Keywords: Malaria Antiplasmodial activity, Silver nanoparticles, Green synthesis, Azadirachta indica Ocimum sanctum


How to cite this article:
Sardana M, Agarwal V, Pant A, Kapoor V, Pandey KC, Kumar S. Antiplasmodial activity of silver nanoparticles: A novel green synthesis approach. Asian Pac J Trop Biomed 2018;8:268-72

How to cite this URL:
Sardana M, Agarwal V, Pant A, Kapoor V, Pandey KC, Kumar S. Antiplasmodial activity of silver nanoparticles: A novel green synthesis approach. Asian Pac J Trop Biomed [serial online] 2018 [cited 2018 Jun 20];8:268-72. Available from: http://www.apjtb.org/text.asp?2018/8/5/268/233008

Foundation project: This work was supported by the Innovation project of the University of Delhi (SVC 311).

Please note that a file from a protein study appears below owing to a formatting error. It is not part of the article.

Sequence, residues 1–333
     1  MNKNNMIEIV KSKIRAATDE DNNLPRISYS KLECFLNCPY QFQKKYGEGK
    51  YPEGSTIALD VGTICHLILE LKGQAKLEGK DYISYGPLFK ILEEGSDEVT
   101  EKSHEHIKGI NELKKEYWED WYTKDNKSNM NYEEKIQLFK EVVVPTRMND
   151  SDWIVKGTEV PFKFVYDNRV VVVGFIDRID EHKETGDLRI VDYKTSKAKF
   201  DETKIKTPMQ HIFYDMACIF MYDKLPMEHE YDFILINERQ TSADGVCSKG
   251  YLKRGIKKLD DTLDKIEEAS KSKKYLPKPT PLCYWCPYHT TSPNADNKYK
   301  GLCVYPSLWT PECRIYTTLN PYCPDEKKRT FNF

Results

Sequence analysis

1. Introduction Top


Nanotechnology is a versatile branch of development and research which is growing at a tremendous rate from the past two decades. Nanoparticles are known for their numerous physical, biological, and pharmaceutical applications[1]. Silver nanoparticles (AgNPs), in particular, are being used as antimicrobial agents[2],[3],[4],[5] as they exhibit interesting antibacterial[6],[7],[8] and antiplasmodial[9],[10] activities. Several chemical methods for synthesis of nanoparticles have been reported[11],[12],[13],[14]. However, the green synthesis methods are considered to be more versatile[15],[16].